|Publication number||US7859404 B2|
|Application number||US 12/141,574|
|Publication date||Dec 28, 2010|
|Filing date||Jun 18, 2008|
|Priority date||Mar 25, 2008|
|Also published as||US20090243837, WO2009117806A1|
|Publication number||12141574, 141574, US 7859404 B2, US 7859404B2, US-B2-7859404, US7859404 B2, US7859404B2|
|Inventors||Steven Seung Chul Lee, Jake Choy|
|Original Assignee||Tyco Safety Products Canada Ltd.|
|Export Citation||BiBTeX, EndNote, RefMan|
|Patent Citations (10), Referenced by (2), Classifications (18), Legal Events (4)|
|External Links: USPTO, USPTO Assignment, Espacenet|
The application relates to and claims priority from provisional patent application Ser. No. 61/039,191,titled “PROXIMITY ACTIVATED RFID SYSTEM”, filed Mar. 25, 2008,the complete subject matter of which is expressly hereby incorporated herein in its entirety.
This invention relates generally to security systems, and more particularly to using an arm/disarm device to arm and disarm the security system.
Keypads are often located at secured doors and may be used to enter in codes to arm and disarm a security system. A keypad transceiver is used to communicate with the control panel of the security system. The keypad transceiver and associated electronics are in an ON or activated state to constantly scan for input from the surrounding, environment. Radio frequency identification (RFID) readers are often incorporated into the keypads for reading RFID tags or keytags that are carried by users of the system and, used to arm and disarm the system. The RFID tags may be active tags that are battery powered or passive tags that are powered by the RFID reader. Active tags transmit. RF packets at regular intervals at relatively high power, consuming approximately 25 milliamps (mA) or more per transmission. This shortens the life of the active tag.
It is often desirable to have the keypad communicate wirelessly with the control panel of the security system. In such a wireless environment, the keypad may be battery powered. For a typical RFID reader circuit, the transmit current may be close to 70 mA. Therefore, the RFID reader cannot be turned on all the time as the battery life would not be acceptable for a typical wireless application. However, the RFID reader has to be ON or activated to detect the RF packets, as well as to power the, passive tags if needed.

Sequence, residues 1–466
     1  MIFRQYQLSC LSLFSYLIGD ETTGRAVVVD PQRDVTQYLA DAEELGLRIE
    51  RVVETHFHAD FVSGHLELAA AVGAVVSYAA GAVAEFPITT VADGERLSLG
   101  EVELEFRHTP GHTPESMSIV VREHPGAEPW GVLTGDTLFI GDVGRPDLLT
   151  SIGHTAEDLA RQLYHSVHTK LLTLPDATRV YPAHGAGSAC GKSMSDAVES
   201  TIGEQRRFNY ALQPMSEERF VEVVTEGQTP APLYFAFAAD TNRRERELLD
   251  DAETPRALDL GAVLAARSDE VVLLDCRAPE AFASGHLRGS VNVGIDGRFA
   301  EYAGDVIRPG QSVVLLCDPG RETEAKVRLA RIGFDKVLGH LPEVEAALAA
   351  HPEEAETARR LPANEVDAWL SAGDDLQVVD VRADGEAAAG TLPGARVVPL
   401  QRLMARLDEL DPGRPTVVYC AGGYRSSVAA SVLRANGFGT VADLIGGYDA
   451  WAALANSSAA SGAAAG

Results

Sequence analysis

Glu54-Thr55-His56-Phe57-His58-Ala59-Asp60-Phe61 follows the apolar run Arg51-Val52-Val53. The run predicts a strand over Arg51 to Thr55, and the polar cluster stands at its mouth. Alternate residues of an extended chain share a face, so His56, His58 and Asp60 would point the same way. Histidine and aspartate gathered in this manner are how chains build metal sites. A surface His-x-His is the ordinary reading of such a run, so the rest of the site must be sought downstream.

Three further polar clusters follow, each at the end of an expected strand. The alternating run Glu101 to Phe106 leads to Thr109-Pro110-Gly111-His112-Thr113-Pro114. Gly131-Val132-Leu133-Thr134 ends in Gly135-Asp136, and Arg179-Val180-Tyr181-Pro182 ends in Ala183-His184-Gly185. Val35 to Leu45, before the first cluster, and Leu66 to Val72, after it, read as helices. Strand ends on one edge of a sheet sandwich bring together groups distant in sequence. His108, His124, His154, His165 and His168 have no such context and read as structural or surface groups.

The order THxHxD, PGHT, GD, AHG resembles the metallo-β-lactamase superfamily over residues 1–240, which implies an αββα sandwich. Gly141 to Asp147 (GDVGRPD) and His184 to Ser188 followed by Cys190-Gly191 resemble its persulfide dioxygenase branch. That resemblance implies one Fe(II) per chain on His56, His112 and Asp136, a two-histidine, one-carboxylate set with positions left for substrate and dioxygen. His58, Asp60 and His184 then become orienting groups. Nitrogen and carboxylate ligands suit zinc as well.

Battery life of the RFID reader may be conserved by having a user press a key on the keypad to wake up the RFID reader. The user may then present the RFID tag close to the RFID reader, or some RFID tags may be read or sensed while in the user's pocket, purse, backpack and the like. However, it is desirable for the keypad to conserve battery power while sensing the RFID tag without the user having to go through the extra step of pressing a button to initiate the operation.
In one embodiment, a security system comprises a control panel configured to control devices in a security system, a keypad and an arm/disarm device. The keypad is in communication with the control panel and comprises a transceiver configured to communicate with the control panel and a magnet having a magnetic field extending within a predetermined proximity of the keypad. The arm/disarm device comprises a transmitter and a switch configured to activate the transmitter when the switch is in the magnetic field. The transmitter is further configured to transmit a low power signal when activated. The transceiver is further configured to receive the low power signal and transmit a message to the control panel. The control panel is further configured to change an Armed/Disarmed Mode of the system based on the message.